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Sterk Engels Leerjaar 4 VMBO-GTL Workbook

In winter two bright

In winter two bright stars appeared which let the people know that it was time to make fish traps. Also at that time, tribes in Victoria would look for the pupa of the wood ant. The appearance of two other stars were the sign of the start of the dingo-hunting season. Aborigines saw clouds as an old man and woman. The Aborigines knew about the white, blue and red stars and had explanations for all of them. They understood the concept of circumpolar stars, that is, those that never dip below the horizon. Eclipses and exploding stars were never seen as good or bad warnings - they were merely part of nature. The Aborigines made paintings of the sky on wood as well as carvings in stone. Two brothers and the pointer star This is a legend from the Dreamtime about two young brothers who went up into the Northern Fliders Ranges of South Australia to hunt: There were two young brothers of the tribe who were known as very clever hunters. The tribe desperately needed meat so the brothers decided to make a hunting trip up into the mountains that we now call the Flinders Ranges. Soon after they had begun to climb they spotted an emu hiding among the rocks and they quickly caught and killed it. They carried it with them as they continued on up into the mountains. However by the afternoon the emu was covered in flies. The brothers tried to drive them away but whatever they did the flies kept returning and increasing in numbers. There was no way they could get back down onto the plains so they climbed onto a rock and watched terrified as the fire grew stronger and more widespread The brothers became worried that the meat would be spoiled so they eventually decided to light a fire, hoping that the flames and smoke would drive the flies away. It did, but a strong wind blew up and fanned the fire so that it quickly began to spread through the dry grass that was all around. In a short time the whole side of the mountain side was on fire and the two young brothers were trapped. There was no way they could get back down onto the plains so they climbed onto a rock and watched terrified as the fire grew stronger and more widespread. The flames coming closer and closer to them. The brothers were frantic, they could barely breathe because of the smoke and with a great effort they began to climb higher up the cliff until they reached the highest top. Even here they were not safe. The fire reached out to them and the flames burned their skin. There was nothing they could do, there was nowhere else to go. In desperation they began to scream and suddenly they discovered they could fly. They flew up high over the flames and smoke of the fire. Higher and higher into the night sky. The ancestors, who had been watching, had taken pity on them and given them the power of flight to escape the flames. With relief the two men realised they were at last safe and they made their camp in the sky world where they remain till this day. At night their camp fires can still be seen as ‘The Pointers’, the two bright stars that point to the ‘Southern Cross’. Text and assignment by Julia Slob 95 ENGLISH WORLDWIDE - AUSTRALIA - GTL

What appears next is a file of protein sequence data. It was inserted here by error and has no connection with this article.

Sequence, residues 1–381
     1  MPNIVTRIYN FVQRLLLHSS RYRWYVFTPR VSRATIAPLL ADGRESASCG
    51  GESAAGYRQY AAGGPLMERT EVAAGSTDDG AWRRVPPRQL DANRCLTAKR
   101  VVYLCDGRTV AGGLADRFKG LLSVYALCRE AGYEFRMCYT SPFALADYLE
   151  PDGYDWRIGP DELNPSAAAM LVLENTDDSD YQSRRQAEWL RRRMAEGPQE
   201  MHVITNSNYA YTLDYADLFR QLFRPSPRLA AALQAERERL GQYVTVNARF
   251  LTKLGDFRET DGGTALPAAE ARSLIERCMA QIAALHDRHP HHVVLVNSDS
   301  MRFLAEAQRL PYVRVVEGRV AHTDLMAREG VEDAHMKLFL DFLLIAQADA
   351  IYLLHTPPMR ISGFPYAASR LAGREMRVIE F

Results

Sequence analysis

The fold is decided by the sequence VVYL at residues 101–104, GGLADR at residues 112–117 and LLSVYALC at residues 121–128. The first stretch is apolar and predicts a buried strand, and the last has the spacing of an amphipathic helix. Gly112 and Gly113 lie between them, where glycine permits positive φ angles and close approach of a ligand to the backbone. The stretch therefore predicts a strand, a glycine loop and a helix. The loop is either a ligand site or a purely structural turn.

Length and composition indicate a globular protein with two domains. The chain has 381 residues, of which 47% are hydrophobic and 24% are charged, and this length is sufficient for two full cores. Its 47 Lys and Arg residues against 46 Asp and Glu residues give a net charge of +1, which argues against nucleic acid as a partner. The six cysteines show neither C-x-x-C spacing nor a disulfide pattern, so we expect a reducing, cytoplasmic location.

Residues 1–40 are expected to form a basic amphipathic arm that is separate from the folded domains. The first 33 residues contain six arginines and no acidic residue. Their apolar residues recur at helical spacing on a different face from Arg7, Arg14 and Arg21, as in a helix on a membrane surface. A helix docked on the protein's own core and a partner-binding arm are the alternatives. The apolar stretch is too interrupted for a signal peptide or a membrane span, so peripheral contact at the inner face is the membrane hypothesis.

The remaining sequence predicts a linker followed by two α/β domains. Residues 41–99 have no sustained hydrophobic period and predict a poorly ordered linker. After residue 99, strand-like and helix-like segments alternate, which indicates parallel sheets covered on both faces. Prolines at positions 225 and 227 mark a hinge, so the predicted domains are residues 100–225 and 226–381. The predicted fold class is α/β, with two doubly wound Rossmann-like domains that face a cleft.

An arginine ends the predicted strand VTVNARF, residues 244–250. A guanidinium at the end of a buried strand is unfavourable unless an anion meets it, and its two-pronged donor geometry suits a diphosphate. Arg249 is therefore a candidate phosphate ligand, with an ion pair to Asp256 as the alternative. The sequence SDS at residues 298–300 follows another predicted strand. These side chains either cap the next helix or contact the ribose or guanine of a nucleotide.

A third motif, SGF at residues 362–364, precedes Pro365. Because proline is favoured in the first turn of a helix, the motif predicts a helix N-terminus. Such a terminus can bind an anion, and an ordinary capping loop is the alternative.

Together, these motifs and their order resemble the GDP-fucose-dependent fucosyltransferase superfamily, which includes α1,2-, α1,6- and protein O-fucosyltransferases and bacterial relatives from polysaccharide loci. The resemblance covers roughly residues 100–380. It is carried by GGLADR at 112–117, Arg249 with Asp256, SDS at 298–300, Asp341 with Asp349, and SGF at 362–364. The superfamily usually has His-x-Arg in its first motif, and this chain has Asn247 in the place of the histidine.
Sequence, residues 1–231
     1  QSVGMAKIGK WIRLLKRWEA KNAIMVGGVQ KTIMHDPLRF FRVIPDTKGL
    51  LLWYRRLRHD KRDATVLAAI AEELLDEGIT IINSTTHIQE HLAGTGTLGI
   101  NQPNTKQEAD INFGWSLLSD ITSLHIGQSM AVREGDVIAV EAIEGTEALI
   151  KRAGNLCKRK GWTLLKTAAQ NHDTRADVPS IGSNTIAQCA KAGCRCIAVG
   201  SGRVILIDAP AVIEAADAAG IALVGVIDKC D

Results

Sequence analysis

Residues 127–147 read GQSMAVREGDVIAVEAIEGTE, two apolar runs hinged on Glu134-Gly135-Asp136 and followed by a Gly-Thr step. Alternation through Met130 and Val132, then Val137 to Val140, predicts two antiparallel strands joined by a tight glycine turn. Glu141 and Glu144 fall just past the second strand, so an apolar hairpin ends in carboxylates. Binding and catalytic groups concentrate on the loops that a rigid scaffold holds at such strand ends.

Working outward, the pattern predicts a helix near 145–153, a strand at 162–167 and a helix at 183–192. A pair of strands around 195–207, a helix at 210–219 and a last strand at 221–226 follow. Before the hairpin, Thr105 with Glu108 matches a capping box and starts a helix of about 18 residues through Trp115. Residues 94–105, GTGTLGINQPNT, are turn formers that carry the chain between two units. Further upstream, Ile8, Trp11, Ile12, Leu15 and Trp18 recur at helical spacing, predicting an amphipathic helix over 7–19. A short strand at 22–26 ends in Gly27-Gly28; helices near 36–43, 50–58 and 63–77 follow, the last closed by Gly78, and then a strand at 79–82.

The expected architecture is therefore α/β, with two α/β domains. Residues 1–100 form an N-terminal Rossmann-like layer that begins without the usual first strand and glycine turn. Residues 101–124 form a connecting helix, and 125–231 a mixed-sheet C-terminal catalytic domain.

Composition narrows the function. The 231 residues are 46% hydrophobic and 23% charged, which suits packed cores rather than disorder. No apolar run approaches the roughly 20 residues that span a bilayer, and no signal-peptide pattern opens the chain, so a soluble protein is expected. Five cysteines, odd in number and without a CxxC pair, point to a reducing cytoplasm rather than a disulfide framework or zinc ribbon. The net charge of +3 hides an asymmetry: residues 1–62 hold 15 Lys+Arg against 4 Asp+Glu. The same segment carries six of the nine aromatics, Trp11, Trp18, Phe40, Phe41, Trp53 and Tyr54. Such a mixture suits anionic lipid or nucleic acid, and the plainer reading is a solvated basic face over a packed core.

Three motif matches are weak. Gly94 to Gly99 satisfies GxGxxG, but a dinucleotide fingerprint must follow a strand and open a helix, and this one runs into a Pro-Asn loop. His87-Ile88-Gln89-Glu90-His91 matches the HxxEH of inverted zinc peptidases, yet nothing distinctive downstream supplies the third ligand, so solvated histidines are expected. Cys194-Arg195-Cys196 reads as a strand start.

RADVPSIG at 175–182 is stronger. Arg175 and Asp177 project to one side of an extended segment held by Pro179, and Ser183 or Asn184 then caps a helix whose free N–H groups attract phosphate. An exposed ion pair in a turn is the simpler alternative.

34 A. Let’s practise Try finding the meaning of the words below, using context clues and/or word guessing strategies. Look up the word in the text and see if you can find context-clues. The last column is for the dictionary meaning, to check yourself. WORD SYNONYM/ ANTONYM INFERENCE DEFINITION WORD- FAMILY WORD-BUILT MY GUESS DICTIONARY MEANING explorer figure out claimed furtive 18th century authorities afford settlement present morals zodiac eclipses carvings desperately spotted covered spoiled plains frantic ancestors pity informed significant 96 ENGLISH WORLDWIDE - AUSTRALIA - GTL